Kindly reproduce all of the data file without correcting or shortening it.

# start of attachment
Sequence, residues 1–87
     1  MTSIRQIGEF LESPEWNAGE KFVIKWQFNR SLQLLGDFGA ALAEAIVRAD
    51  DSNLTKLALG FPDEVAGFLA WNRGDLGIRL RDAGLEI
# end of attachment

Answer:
Sequence, residues 1–87
     1  MTSIRQIGEF LESPEWNAGE KFVIKWQFNR SLQLLGDFGA ALAEAIVRAD
    51  DSNLTKLALG FPDEVAGFLA WNRGDLGIRL RDAGLEI